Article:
AVR-Based Serial Enabled LCDs Hookup Guide

Contributors: QCPete
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The AVR-based serial enabled LCD (a.k.a. SerLCD) is a simple and cost effective solution for adding Liquid Crystal Displays (LCDs) into your project. The PCB design on the back of the screen includes an ATmega328P that handles all of the screen control. It can accept commands via serial, I2C and SPI. The latest versions also include a Qwiic connector for solder-less single-cable connection setup. This simplifies the number of wires needed and allows your project to display all kinds of text and numbers. We offer three varieties of the AVR-based Serial Enabled LCDs:

SparkFun 16x2 SerLCD - RGB Text (Qwiic)

SparkFun 16x2 SerLCD - RGB Text (Qwiic)

SparkFun 16x2 SerLCD - RGB Backlight (Qwiic)

SparkFun 16x2 SerLCD - RGB Backlight (Qwiic)

SparkFun 20x4 SerLCD - RGB Backlight (Qwiic)

SparkFun 20x4 SerLCD - RGB Backlight (Qwiic)


The firmware is fully opensource and available for download at the GitHub repo here:

This allows for any customizations you may need. Uploading firmware (custom or updates), is easily done from the Arduino IDE using a Serial Basic. See firmware update instructions in the troubleshooting section of this tutorial for more info.

Also note, the example code used below is all available in the repo (along with many more examples). Before beginning this tutorial, it's a good idea to clone the repository (or download the entire repo as a zip), to grab all of the examples. But if you prefer, you can always use the "COPY CODE" button on each of the examples below.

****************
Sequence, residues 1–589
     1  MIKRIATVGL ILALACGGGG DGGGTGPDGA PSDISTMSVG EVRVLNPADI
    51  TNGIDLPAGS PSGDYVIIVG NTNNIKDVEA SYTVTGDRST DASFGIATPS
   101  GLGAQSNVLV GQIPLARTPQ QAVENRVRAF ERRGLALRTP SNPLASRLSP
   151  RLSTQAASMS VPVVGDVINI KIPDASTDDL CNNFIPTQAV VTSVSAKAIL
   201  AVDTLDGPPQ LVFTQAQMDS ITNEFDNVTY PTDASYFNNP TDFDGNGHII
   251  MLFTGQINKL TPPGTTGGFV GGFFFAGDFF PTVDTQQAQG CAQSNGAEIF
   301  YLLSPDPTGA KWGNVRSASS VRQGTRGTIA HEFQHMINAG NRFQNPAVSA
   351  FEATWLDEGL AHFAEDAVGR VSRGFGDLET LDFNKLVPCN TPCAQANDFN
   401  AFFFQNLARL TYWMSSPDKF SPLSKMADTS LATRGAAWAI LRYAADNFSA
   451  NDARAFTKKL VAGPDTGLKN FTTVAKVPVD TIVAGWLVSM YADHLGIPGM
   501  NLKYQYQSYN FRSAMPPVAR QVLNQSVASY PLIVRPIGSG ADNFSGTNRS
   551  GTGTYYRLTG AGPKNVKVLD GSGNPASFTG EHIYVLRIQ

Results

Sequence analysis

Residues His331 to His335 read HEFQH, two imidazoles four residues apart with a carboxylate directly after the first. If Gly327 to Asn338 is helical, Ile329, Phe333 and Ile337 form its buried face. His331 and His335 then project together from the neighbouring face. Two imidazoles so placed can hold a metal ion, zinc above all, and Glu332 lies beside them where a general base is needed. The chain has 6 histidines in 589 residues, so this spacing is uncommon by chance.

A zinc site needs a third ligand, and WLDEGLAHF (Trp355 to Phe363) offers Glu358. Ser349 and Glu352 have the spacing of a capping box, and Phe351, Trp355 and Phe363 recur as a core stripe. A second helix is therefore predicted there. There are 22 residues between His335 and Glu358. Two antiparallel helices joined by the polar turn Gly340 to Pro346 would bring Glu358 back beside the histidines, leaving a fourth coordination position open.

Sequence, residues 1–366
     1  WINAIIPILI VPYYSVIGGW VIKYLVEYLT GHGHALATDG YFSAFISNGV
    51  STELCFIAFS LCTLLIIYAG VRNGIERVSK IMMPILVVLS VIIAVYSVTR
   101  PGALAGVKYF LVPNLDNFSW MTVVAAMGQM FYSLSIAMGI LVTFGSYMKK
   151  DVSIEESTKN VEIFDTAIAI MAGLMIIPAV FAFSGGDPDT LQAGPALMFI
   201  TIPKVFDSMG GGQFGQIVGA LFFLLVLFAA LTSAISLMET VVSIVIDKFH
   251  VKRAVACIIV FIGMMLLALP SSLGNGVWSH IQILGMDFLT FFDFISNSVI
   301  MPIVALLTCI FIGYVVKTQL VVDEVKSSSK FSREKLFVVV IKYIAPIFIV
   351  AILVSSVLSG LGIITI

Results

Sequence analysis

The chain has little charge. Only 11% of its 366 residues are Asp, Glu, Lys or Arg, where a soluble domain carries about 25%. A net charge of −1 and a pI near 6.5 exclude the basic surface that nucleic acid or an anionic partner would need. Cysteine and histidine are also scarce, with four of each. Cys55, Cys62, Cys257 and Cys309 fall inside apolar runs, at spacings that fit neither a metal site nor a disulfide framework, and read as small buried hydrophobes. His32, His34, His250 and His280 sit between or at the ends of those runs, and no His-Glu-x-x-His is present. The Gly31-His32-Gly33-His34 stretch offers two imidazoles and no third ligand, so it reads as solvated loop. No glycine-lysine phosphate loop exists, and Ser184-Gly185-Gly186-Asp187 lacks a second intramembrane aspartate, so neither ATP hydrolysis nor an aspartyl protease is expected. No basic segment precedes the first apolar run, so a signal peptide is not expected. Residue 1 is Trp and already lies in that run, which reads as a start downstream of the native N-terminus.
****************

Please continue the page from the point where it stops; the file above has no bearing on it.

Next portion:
Note that these all have identical firmware and can accept the same commands. However, you must adjust your display characters and cursor position as necessary for each model. Also note, there is a jumper on the back of each screen, and this "tells" the firmware how to correctly set the lines and columns for each screen.

Required Materials

If you are using Qwiic, then you will only need a Redboard Qwiic, a Qwiic cable, and a Micro-B USB cable for programming.

For non-qwiic setups, you may need the following materials in this wishlist. Depending on what you have, you may not need everything on this list. Add it to your cart, read through the guide, and adjust the cart as necessary.


You may need a soldering iron, solder, and general soldering accessories, and screw driver depending on your setup.

Solder Lead Free - 100-gram Spool

Solder Lead Free - 100-gram Spool

Pocket Screwdriver Set

Pocket Screwdriver Set


Weller WLC100 Soldering Station

2 Retired

Suggested Reading

If you aren’t familiar with the following concepts, we recommend checking out these tutorials before continuing.

How to Solder: Through-Hole Soldering

This tutorial covers everything you need to know about through-hole soldering.

Serial Communication

Asynchronous serial communication concepts: packets, signal levels, baud rates, UARTs and more!

Serial Peripheral Interface (SPI)

SPI is commonly used to connect microcontrollers to peripherals such as sensors, shift registers, and SD cards.

What is an Arduino?

What is this 'Arduino' thing anyway? This tutorials dives into what an Arduino is and along with Arduino projects and widgets.

Installing Arduino IDE

A step-by-step guide to installing and testing the Arduino software on Windows, Mac, and Linux.

Logic Levels

Learn the difference between 3.3V and 5V devices and logic levels.


An introduction to I2C, one of the main embedded communications protocols in use today.


A brief history of how ASCII came to be, how it's useful to computers, and some helpful tables to convert numbers to characters.